Women in Australia’s Parliament Decry Bullying and Sexism in Push for Change

The spill certainly inflamed the tension in Parliament, but women have long struggled to find a foothold there.

Senator Sarah Hanson-Young filed a defamation lawsuit against a male colleague after he told her during a debate over women’s safety to “stop shagging men.”CreditTang Chhin Sothy/Agence France-Presse — Getty Images

Australia has slipped in recent years in world rankings of the percentage of female lawmakers in national legislatures, currently coming in 50th according to figures maintained by the Inter-Parliamentary Union. (The United States is 102nd.)

Some, like Ms. Sharkie, have suggested that the climate for women could improve if Parliament created a “code of conduct” to rein in inappropriate behavior. There has also been a push to implement quotas to increase women’s representation in the Liberal Party, though those calls have been rebuffed in recent years.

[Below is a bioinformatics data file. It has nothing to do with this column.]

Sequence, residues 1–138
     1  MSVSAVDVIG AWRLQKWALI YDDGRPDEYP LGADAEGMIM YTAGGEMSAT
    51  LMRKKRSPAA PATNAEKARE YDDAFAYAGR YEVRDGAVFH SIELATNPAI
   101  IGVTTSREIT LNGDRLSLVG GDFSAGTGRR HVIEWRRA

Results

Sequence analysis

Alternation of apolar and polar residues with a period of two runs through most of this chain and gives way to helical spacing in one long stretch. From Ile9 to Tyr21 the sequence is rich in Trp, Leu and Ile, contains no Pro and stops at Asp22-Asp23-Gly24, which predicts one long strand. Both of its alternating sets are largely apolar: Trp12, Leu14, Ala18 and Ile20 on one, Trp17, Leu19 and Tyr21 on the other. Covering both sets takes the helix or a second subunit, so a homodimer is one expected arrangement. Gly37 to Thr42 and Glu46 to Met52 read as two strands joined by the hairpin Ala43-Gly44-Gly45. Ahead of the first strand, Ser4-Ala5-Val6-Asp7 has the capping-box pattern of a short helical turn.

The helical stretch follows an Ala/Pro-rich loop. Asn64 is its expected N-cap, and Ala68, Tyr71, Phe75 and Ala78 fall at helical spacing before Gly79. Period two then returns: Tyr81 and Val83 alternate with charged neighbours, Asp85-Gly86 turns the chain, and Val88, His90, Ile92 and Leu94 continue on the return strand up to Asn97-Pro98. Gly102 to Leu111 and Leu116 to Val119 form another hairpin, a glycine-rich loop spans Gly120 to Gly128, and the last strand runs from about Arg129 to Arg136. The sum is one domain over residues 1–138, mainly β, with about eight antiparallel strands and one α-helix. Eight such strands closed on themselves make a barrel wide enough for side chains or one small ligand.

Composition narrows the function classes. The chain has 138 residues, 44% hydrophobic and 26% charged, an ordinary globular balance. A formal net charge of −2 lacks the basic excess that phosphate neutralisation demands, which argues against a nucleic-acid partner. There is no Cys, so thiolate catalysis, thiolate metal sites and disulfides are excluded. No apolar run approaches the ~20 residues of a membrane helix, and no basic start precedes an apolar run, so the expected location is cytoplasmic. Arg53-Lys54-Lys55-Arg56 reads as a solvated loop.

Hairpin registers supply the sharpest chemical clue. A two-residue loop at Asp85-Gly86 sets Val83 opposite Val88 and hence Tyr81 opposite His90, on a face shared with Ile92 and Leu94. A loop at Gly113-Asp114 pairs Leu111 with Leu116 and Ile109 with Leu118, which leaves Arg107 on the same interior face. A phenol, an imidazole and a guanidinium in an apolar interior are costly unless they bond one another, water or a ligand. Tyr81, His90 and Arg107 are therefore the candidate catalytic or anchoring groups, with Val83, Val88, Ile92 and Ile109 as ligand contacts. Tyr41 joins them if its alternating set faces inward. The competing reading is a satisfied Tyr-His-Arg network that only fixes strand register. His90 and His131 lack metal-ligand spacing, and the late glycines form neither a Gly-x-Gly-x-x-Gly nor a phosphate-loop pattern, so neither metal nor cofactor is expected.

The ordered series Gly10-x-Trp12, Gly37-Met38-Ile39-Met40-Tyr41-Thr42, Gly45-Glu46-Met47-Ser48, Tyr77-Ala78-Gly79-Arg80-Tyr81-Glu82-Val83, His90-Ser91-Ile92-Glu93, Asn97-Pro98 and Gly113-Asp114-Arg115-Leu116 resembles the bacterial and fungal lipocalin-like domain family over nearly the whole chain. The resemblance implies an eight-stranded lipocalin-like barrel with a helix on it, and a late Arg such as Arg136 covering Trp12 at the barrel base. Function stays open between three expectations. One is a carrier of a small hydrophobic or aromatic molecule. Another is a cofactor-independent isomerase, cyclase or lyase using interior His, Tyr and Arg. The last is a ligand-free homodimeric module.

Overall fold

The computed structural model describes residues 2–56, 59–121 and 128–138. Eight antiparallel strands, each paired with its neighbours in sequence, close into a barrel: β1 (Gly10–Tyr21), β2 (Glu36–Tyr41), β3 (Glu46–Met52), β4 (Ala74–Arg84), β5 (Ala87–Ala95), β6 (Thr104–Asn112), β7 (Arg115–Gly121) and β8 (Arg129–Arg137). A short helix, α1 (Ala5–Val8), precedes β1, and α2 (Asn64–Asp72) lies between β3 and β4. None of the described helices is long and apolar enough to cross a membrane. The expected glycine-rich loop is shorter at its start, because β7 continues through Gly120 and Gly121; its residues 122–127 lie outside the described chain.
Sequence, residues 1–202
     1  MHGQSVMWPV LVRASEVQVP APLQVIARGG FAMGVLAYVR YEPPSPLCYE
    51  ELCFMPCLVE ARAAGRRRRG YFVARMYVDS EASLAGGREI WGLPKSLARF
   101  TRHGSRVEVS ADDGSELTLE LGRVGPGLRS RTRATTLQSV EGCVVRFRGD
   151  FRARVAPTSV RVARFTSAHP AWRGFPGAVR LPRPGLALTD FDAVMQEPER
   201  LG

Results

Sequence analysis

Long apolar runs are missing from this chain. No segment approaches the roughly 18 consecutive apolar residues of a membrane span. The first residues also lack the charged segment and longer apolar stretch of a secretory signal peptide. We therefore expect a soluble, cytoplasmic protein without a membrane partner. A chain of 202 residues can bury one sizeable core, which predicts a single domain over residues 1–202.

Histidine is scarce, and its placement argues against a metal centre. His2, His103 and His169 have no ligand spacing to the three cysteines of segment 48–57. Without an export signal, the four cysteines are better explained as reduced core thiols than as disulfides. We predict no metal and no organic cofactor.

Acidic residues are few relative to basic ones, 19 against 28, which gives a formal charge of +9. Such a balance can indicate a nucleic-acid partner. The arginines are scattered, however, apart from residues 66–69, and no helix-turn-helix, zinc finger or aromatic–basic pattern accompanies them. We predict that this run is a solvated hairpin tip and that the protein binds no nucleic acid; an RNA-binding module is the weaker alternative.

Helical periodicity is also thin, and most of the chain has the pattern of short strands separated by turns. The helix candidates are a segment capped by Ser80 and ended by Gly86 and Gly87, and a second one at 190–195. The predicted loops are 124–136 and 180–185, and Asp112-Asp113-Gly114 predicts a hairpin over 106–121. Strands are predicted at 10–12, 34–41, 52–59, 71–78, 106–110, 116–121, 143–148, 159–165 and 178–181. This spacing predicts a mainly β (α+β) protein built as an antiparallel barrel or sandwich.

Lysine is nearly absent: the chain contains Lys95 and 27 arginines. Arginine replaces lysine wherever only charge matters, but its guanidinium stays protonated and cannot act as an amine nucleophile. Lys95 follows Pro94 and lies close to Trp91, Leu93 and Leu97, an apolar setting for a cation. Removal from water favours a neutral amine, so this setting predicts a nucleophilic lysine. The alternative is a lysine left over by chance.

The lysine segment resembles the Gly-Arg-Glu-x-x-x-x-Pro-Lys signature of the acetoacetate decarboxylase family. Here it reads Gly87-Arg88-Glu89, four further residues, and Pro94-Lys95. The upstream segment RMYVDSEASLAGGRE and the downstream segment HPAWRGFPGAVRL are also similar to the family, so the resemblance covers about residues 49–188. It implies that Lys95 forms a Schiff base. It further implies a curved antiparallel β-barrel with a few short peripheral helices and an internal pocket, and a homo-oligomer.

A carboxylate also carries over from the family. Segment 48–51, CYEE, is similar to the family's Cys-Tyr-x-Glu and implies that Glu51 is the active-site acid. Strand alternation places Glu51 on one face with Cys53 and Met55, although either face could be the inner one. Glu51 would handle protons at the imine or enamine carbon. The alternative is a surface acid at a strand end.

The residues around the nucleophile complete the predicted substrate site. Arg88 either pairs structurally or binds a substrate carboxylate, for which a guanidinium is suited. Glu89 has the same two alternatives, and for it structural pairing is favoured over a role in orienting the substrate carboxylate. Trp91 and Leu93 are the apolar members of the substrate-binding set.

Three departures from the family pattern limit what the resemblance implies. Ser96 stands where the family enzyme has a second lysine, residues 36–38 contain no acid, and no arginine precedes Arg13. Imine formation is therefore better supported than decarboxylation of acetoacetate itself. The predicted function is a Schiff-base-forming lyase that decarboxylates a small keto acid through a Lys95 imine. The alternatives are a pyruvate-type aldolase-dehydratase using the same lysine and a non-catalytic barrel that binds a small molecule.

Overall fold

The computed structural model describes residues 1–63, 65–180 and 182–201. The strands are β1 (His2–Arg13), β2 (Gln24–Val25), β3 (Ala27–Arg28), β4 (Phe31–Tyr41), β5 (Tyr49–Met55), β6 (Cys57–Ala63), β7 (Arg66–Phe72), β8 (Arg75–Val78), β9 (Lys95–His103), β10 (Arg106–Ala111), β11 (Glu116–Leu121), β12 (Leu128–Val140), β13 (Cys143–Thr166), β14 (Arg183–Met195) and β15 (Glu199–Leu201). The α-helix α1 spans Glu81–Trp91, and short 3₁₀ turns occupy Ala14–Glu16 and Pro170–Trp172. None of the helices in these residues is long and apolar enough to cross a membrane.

Mr. Morrison has offered assurances that the Liberal Party “will absolutely deal with this issue.”

“I have no truck with bullying,” he said, “whether it’s in a classroom, whether it’s in a workplace or with a broadcaster.”

Some say Parliament simply reflects the rough-and-tumble nature of Australian politics, where sharp elbows and robust debate dominate. Alan Jones, a prominent radio broadcaster, suggested in a television appearance that members who were complaining should “take a teaspoon full of cement and toughen up.”

“I’m frankly a little bit disgusted by that,” Kelly O’Dwyer, the minister for women, countered in an interview with the Australian Broadcasting Corporation.

She agreed that politics could be bruising.

“But, clearly, there is behavior that is outside the accepted bounds,” she added. “The truth is, across all political lines, we as women and as people of good standing need to say it is not acceptable to bully and intimidate.”

Source Link